Friday’s Feast went on for 16 years until Donna became too ill to continue. In response, the Middleburg Garden Club picked up her torch to continue serving the Windy Hill community, and to honor Donna, the volunteer service has been renamed as “Donna’s Feast.”
The Boothbay Region of Maine became a second cherished community. It began with a fluke invitation from a business friend of Page’s to vacation at their family home on a seasonal island called the Isle of Springs. The beauty of that area, and the friendships quickly developed that summer, led to 12 consecutive years of summer vacations on the same island. In 2017, Page and Donna bought a home across from the island.
Donna’s passion for gardening, natural landscapes, wildlife, hosting intimate dinner parties, and especially date nights with her girlfriends were her antidotes to her cancer battle. Her pleasures and needs were simple, and the settings and people of Middleburg and Boothbay filled her heart and soul with constant joy, love, and gratitude.
Friendships were Donna’s heartbeat. It’s no surprise as to the quality of her friendships from childhood to college, from Middleburg to Maine. Donna’s natural beauty was inside and out; she loved to laugh and make others laugh. Her loyalty and genuine care for nurturing friendships in response nurtured and sustained her through the physical and emotional tolls of so many cancer treatments.
Despite these challenges, her life remained persistently devoted to joy and love—for Page and Roman, their dogs, her twin sister Carol, her bevy of friends, her Maine and Middleburg communities, for God, and the flowers and birds within her garden. As for their many years battling an incurable disease, faith, laughter, and resiliency would remain the bedrock of that relationship.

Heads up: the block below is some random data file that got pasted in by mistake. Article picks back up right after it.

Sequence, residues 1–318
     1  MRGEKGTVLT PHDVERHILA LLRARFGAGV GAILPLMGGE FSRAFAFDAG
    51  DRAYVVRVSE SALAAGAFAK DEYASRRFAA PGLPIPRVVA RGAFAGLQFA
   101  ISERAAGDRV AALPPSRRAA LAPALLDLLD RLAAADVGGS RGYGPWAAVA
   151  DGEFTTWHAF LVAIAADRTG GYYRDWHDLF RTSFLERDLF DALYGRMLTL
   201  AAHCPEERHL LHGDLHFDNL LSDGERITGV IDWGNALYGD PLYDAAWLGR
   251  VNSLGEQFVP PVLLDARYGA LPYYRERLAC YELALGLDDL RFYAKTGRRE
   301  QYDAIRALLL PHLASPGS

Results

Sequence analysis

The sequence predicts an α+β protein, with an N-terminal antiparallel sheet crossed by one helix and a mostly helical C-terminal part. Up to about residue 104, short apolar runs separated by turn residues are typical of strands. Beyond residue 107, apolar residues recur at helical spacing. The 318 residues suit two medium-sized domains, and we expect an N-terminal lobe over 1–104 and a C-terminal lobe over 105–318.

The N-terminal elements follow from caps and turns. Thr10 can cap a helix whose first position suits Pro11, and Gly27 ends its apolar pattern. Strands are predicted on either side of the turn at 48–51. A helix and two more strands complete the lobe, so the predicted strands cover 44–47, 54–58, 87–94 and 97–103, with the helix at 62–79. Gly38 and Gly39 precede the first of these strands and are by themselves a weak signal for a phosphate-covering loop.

Donna is survived by her husband, Page Gravely, and son, Roman Gravely, of Middleburg Va., and her twin sister Carol Stanfield, and her husband David, of Frederick, Maryland. She is preceded in death by her parents and brother, Brian.
Donna preferred any contributions in her honor to be donated to The Windy Hill Foundation, care of Tom Northrup, Windy Hill Foundation, P.O. Box 1593 Middleburg, VA 20118.
A funeral service will be held Saturday January 14th at 1 p.m. at Trinity Episcopal Church in Upperville, Virginia. A reception will be held immediately after the service at Donna and Page’s home in Middleburg.